- It also results in thyroid complications.
- Copper and lithium compounds and elements which are placed inside the crackers cause hormonal imbalance and prove extremely poisonous for animals and plants.
The government of India has placed strict prohibitions on those workshops which sell crackers and also on people who illegally burst crackers. We all should collectively come together to support our government to enforce such laws with more stringent regulations. I hope I have been able to sensitize you all on this issue which is increasing at an alarming pace and could also provide you with an insight into the harmful and dangerous impact of the bursting of firecrackers. However, this is not enough because more and more awareness can only be spread with the help of billboards and by organizing workshops as well as seminars which even you can initiate as proud students of our country.
Dear Students – How are you all doing?
I, Namrata Shrivastav – the class teacher of X (B), would like to welcome you all in our school conference room. There is not a special occasion behind seeking your presence here, but a very important topic of discussion. As you know students, our most favorite festival, i.e. Diwali, is around the corner and so everyone seems so excited. The excitement is quite natural and we all whether children or adults look forward to this wonderful festival with a lot of curiosity and anticipation.
Not only are we able to find an escape from our daily, mundane routine, but we also get to meet our friends and relatives whom we may not have met for a long time. Party is organized and sweets are distributed around. The most special moment of all is the Ganesh and Lakshmi Puja, which we all perform in order to seek goddesses blessing, prosperity and wealth. The whole atmosphere becomes so invigorating and charged up that we all feel joyous and ecstatic.
I know students you know it all, but did you also know that this festival falls in the Kartikamasam as per the Hindu calendar, i.e. during the October or November month. This festival is celebrated in the honor of Lord Rama who returned from a long exile of 14 years after killing the demon called Ravana. It is clearly one of the most popular festivals in our country and in several parts of the country it is even celebrated for five successive days. The festival is symbolic of the reunion of families and celebration of life. Interestingly, this festival even marks the commencement of a new year at some places in India. The rage of this festival is such that its popularity has even spread abroad.
More often than not a week prior to Diwali, Hindus, in particular, begin lighting up their homes and shops, start cleaning their homes in order to welcome Goddess Lakshmi. Not only an intensive cleaning is done everywhere, i.e. at homes, shops and offices but also places are whitewashed and decked up with flowers, toys, and pictures. On the day of this festive season, people also wear new clothes and greet each other with sweets and gifts.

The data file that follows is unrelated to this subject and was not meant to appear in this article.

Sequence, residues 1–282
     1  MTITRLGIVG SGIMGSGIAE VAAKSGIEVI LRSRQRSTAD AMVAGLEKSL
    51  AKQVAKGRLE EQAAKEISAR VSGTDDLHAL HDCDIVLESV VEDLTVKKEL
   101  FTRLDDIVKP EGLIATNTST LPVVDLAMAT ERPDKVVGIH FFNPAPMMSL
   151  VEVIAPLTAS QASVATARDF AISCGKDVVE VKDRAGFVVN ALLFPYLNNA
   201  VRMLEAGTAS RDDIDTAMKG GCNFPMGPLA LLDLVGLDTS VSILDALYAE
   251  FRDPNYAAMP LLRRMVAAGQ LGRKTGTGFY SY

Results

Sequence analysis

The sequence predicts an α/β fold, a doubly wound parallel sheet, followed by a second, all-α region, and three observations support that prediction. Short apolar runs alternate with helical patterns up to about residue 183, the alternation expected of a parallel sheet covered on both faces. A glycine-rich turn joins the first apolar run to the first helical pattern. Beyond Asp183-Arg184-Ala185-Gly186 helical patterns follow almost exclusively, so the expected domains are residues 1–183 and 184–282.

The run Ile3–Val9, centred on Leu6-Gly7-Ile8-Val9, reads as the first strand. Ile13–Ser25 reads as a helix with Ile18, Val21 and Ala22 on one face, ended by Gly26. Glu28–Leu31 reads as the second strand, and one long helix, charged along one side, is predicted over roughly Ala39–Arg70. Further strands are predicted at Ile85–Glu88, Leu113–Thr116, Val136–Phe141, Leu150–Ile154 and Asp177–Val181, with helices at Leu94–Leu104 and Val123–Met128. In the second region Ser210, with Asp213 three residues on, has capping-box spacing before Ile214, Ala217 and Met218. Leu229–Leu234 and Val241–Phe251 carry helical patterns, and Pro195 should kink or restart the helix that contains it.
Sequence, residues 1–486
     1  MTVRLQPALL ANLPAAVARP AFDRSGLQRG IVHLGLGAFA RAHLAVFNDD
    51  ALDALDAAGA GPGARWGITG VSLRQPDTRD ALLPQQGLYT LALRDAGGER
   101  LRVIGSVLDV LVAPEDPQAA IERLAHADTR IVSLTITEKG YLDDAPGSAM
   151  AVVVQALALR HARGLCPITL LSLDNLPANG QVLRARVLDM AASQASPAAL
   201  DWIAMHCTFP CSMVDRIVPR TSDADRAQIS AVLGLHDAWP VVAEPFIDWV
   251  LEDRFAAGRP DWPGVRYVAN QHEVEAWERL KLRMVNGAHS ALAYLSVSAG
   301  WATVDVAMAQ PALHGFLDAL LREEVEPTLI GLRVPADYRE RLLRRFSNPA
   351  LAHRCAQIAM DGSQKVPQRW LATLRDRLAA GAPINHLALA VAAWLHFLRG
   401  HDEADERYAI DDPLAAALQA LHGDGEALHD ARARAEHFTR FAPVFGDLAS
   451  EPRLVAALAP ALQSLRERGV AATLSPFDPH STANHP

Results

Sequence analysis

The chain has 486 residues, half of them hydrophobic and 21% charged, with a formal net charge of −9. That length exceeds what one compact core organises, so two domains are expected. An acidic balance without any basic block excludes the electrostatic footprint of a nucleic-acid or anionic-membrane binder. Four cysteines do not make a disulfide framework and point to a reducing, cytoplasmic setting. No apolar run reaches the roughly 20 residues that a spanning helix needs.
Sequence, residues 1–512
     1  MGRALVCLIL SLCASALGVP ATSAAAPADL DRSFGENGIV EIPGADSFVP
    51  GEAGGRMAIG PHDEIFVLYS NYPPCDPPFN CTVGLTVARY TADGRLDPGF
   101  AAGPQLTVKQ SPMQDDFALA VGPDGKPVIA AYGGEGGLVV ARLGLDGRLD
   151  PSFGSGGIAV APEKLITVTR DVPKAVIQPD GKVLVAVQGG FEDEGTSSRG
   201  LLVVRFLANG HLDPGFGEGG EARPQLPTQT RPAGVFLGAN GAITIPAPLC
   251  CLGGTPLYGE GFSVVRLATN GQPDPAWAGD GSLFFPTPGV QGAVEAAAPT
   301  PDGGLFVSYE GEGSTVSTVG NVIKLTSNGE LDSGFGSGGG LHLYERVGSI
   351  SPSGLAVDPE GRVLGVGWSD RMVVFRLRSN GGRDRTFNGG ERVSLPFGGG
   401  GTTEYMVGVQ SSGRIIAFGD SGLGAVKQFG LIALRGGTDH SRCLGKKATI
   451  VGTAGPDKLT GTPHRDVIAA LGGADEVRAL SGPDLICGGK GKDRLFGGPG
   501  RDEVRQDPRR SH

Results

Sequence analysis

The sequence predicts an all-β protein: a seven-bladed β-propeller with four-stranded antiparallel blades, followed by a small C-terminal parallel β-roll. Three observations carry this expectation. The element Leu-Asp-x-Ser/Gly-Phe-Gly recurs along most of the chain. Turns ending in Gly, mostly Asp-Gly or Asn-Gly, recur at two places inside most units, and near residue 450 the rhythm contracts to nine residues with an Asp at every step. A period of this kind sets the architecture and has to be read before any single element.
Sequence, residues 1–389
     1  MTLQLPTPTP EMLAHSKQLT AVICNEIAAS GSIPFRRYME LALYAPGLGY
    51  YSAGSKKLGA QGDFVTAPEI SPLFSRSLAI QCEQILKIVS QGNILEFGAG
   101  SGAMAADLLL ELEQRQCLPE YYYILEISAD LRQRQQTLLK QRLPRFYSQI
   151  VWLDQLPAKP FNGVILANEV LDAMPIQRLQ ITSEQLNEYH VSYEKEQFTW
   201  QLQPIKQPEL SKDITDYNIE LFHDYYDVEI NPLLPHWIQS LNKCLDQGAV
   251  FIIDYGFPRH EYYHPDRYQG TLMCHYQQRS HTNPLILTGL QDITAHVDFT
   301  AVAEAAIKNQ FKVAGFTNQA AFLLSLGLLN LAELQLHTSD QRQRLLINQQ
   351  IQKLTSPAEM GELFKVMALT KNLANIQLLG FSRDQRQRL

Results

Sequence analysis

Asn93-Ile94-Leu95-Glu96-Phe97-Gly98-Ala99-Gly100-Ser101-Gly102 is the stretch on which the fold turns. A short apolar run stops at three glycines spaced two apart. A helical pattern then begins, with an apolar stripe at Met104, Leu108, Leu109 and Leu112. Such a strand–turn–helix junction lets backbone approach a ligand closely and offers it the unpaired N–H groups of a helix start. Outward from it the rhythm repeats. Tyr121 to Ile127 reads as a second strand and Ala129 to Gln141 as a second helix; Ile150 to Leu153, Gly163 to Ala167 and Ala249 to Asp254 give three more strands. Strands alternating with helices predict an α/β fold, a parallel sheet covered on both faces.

After performing the puja during the evening, people usually leave the lights on at night time in the belief that Goddess Lakshmi will arrive at their place and bless it. So there shouldn’t be any darkness around and she should be welcomed in the clean, illuminated homes.
This is why we love this festival so much, but students we should also pay heed to the fact that how much is pollution is caused on this day as people burst so much of crackers. This is extremely harmful to our environment and it’s high time that such activities which are degrading for our environment should be stopped. As a responsible citizen, it becomes our responsibility to also keep the safety of our environment in mind while celebrating this festival. This is all I have to say, thank you so much!
Respected Principal, Vice Principal, Dear Teachers, and My Lovely Students – Warm Greetings of the day to one and all!
I, Mrs. Sarabjit Kaur – the teacher of Social Science and class teacher of X (D), welcome you all to the prayer hall. I know that the excitement is in the air because of the coming holidays owing to the Diwali Season. Moreover, you all are looking forward to the Diwali party with a lot of anticipation.
I am also personally very fond of this festival as on this day, in fact, a couple of days prior to this festival the places around us are covered with lights and everything looks clean and polished. Then, the custom of meeting your relatives, friends and exchanging greetings as well as gifts is very appealing.
On this day, the preparation kick starts right from the morning as we decorate our houses with flowers, fancy lamps, diyas, and candles. Wherever we go, we can smell the fragrance of fresh flowers. All this cleaning, painting of walls as well as the decoration is done with the chief aim to welcome Goddess Lakshmi who is worshipped in the evening. It is believed that the goddess only arrives in a home that is purged off all the impurities whether it is dirt, dust or the impurity in our minds. We are expected to cleanse both our mind and soul to be able to welcome the Goddess Lakshmi in our homes. In the evening, the sacred puja is performed and we all pray for prosperity, good fortune and wealth.
Yet another spectacular facet of Diwali is the making of rangoli, which lends more grace to the entire decoration. New clothes are worn, sweets are distributed, delicious food is cooked and firecrackers are burnt. During the fireworks, the sky looks extremely splendid and well lit up. It’s quite a sight to behold. However, children, considering the rising pollution and ecological imbalance we should keep a check on the burning of firecrackers and protect our environment from further degradation.
Basically, children, Diwali is a celebration of five days, which include: